You have been told that the war is over. I think that I, myself, have heard that observation. I am glad of it.

I am glad of it. Roses smell sweeter than gunpowder; for every-day uses, the carving-knife is preferable to the bayonet, or the sabre; and, in a contest for first choice between cannon-balls and wine corks, I have a decided prejudice in favor of the latter!

The war is over; and it is well over. God reigns, and the Gov. ernment at Washington still lives. I am glad of that. I can conceive nothing worse for ourselves, nothing worse for our children, than what might have been if the war had ended otherwise, leaving two exhausted combatants to become the prey of foreign intervention and diplomacy, setting the clock of civilization back a century, and splitting the noblest of the continents into five or six weak and warring Republics, like those of South America, to repeat in the New World the mistakes of the Old.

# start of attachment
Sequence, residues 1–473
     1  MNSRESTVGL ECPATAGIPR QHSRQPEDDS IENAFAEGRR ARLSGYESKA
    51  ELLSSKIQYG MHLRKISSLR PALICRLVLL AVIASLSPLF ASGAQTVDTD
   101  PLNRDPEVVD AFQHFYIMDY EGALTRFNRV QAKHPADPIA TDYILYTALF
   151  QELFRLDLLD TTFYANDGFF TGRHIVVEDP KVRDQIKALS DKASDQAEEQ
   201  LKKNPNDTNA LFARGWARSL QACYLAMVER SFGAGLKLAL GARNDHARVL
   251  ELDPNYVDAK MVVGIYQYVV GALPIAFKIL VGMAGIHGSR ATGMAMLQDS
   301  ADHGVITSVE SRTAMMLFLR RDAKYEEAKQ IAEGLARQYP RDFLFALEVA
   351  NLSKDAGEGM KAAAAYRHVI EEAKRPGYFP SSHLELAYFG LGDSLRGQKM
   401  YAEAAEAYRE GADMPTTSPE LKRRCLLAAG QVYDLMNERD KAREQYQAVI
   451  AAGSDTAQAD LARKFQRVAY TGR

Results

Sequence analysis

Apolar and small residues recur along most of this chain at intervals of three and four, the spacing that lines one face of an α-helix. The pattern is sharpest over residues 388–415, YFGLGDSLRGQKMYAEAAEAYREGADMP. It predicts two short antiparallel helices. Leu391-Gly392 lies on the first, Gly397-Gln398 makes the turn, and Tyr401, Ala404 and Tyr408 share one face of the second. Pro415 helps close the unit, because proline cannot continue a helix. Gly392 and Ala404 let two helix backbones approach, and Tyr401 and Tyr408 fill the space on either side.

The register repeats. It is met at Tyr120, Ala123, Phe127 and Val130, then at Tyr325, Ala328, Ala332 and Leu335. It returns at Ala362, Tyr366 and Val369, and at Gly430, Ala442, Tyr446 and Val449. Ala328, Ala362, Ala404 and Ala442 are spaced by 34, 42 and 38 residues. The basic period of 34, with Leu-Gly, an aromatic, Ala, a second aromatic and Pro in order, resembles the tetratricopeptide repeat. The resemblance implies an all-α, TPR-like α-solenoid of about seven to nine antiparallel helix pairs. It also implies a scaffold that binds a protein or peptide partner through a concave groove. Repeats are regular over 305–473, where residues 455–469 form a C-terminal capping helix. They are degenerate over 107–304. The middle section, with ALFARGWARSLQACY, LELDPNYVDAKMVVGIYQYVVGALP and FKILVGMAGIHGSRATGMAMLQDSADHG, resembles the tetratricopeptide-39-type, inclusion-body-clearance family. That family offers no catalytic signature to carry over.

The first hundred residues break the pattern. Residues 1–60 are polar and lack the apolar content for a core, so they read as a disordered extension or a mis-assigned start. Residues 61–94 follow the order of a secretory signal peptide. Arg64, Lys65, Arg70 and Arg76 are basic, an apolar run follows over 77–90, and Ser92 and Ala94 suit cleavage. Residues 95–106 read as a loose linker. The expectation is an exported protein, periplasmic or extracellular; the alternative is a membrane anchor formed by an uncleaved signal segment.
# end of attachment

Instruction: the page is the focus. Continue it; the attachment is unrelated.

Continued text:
The war is over, truly; and, let me repeat it is well over. If anything was wanting to proclaim its termination from every house-top and door-post in the land, that little brush we had last spring with Signor Macaroni furnished it. As to the touch of an electric bell, the whole people rallied to the brave words of the Secretary of State, and, for the moment, sections and parties sunk

out of sight and thought in one over-mastering sentiment of racehood, manhood and nationality.